When Pierce Kelaita became a software engineer in Silicon Valley, he was following in his father’s footsteps. His dad, Paul Kelaita, is a 36-year industry veteran who coded his way through NASA, Yahoo! and a slew of Bay Area startups.
At 24, Pierce snagged an enviable engineering position at Meta immediately out of college. But as the tech industry started to shed employees and rumblings of a recession grew louder, Pierce knew it would only be a matter of time before he was let go.
“We knew that layoffs were coming,” Pierce said. “But being on a higher performing team and actually being a high performer myself, I was very surprised that it happened when it did.”
By the end of 2022, the father-and-son coding duo were laid off by their companies: Paul was a vice president at Mad Mobile, a restaurant software company. Pierce was one of the 11,000 Meta employees who were laid off in November, just four months after Paul lost his management position.
“[Mad Mobile] ended up laying him off around the same time that I got laid off, so we really bonded over that,” Pierce said. “He’s also coming out with some of his own apps and getting back into the nitty-gritty of the code, so it's really, really cool that I'm able to share that vibe with him.”
“[My startup team] all came to the conclusion that this was basically the best thing that could have happened,” said Pierce, who has since co-founded a startup company with fellow laid-off tech worker Stephen Campbell, who was let go from Airtable in December.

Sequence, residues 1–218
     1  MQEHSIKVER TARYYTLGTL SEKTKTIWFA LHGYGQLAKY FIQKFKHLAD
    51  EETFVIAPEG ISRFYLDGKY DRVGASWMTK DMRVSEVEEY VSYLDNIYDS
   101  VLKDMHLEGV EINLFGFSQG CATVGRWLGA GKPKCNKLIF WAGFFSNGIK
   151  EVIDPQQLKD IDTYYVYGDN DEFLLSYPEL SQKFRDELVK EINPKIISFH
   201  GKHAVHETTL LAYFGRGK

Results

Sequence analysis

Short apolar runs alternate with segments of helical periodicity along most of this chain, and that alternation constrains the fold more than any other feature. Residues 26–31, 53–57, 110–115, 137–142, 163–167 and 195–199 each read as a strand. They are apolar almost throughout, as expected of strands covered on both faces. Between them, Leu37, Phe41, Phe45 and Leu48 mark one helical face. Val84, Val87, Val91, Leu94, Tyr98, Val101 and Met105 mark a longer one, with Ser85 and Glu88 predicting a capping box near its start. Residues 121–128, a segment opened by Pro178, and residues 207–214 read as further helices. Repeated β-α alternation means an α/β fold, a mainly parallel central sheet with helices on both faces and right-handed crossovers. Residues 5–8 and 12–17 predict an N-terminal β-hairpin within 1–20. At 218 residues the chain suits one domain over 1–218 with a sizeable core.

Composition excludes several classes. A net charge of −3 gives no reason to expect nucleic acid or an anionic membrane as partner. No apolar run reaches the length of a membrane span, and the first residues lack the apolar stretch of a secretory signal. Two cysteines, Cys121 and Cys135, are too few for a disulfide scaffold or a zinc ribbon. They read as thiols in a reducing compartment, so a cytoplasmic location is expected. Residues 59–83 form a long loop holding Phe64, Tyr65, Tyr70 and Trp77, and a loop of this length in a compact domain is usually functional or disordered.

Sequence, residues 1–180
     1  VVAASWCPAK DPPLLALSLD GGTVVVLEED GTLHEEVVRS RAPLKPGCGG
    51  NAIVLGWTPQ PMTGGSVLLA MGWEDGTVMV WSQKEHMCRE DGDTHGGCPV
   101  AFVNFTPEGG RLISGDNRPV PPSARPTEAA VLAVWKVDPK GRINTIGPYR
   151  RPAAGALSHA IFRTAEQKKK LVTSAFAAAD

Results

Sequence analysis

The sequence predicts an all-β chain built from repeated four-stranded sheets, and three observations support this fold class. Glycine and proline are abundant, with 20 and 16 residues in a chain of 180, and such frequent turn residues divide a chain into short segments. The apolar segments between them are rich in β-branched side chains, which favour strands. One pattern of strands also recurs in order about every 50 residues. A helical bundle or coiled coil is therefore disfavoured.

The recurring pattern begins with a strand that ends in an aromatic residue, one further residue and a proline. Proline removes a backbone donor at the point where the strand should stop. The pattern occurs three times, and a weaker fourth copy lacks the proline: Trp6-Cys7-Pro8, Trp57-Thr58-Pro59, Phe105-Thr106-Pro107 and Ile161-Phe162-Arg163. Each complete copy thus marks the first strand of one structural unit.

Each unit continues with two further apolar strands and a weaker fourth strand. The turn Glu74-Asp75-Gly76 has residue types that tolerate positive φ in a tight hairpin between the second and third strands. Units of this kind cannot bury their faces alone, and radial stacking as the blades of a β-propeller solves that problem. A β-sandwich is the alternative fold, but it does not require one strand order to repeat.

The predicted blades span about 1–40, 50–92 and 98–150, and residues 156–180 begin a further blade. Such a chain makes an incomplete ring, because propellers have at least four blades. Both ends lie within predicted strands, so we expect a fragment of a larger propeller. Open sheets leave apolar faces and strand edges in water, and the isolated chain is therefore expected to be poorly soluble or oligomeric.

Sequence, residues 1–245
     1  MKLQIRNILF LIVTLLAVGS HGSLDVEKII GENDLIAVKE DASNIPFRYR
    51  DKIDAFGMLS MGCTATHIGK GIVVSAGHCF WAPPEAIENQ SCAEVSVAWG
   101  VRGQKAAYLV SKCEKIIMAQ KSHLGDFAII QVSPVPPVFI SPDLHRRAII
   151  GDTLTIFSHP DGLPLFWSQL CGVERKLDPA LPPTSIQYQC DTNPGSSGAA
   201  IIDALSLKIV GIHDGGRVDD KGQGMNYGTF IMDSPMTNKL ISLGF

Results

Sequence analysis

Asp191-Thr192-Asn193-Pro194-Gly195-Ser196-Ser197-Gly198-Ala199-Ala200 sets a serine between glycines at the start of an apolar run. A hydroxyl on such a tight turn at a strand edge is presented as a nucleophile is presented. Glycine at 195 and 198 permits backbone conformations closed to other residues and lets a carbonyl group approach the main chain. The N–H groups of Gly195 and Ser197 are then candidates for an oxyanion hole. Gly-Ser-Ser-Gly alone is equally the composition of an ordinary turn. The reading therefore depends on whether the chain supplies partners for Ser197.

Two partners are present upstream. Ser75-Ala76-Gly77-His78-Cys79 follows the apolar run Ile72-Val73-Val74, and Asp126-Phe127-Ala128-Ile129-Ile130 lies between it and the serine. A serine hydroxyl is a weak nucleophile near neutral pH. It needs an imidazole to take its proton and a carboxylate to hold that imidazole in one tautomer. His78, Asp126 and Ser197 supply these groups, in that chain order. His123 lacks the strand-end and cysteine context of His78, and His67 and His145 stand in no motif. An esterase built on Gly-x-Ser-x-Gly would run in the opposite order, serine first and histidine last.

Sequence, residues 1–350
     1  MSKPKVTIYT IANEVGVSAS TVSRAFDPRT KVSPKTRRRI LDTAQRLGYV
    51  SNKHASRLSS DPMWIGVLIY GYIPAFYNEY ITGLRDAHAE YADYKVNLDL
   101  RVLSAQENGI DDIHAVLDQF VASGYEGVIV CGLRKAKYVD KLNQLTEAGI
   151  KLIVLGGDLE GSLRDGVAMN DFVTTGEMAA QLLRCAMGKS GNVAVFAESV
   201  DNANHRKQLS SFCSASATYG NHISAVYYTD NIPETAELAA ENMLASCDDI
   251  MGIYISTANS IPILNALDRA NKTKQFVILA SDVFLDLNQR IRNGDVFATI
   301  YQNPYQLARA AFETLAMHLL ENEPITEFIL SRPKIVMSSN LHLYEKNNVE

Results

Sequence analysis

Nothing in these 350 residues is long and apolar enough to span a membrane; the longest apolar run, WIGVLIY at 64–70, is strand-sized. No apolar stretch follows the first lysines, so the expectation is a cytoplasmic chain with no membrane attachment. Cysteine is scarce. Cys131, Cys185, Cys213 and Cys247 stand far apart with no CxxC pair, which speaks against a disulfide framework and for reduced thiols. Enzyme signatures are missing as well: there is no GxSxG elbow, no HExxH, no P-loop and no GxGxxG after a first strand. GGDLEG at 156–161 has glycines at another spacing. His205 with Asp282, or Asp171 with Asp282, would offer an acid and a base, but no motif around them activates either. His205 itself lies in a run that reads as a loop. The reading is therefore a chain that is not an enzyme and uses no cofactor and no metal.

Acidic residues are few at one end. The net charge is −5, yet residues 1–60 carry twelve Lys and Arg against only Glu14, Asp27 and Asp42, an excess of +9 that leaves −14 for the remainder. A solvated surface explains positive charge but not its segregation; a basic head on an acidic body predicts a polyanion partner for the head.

Some 110,000 tech workers have lost their jobs in 2023 alone. Upheaval in the banking sector and general economic volatility caused numerous tech companies to off-load employees left and right.
The Kelaitas represent how far-reaching the tech industry’s layoffs are. Not just affecting recent graduates or entry-level employees, many companies’ restructuring efforts ended up slashing middle management, including senior employees in high-paying positions.
“I don’t think you want a management structure that’s just managers managing managers, managing managers, managing managers, managing the people who are doing the work,” Meta CEO Mark Zuckerberg said during an internal employee Q&A, according to the Verge.
When he was laid off, Paul Kelaita was an executive at an e-commerce company that had bought up a Silicon Valley venture, CAKE Corporation. But as someone who had been with the company for more than a decade, his layoff left a sour taste in his mouth.
“I could see the writing on the wall, in that [Mad Mobile] was building a team that they wanted locally, [...] that they wanted to grow within the company what they already had,” Paul said. “It really didn't shock me, but it felt a little negative on my side because I had been there since basically 2011 and had gone through these different permutations of the company.”
In the nearly nine months since being laid off, Paul coded and published two apps on the Apple app store, and he’s currently enrolled in wine classes from his home in Napa Valley. With a penchant for data analytics, coding and a good sauvignon blanc, Paul says he hopes to combine his love for wine with his passion for working with small businesses.
“I think in my industry and in my circle and I've seen this before: The people I work with at very high-tech companies doing cutting-edge tech things later leave, and they're working for a local mom-and-pop shop, doing something technical for them,” Paul Kelaita said. “That's kind of what I was looking for, by talking to different wineries and, and companies related to the wine industry.”
Liz Lindqwister can be reached at [email protected]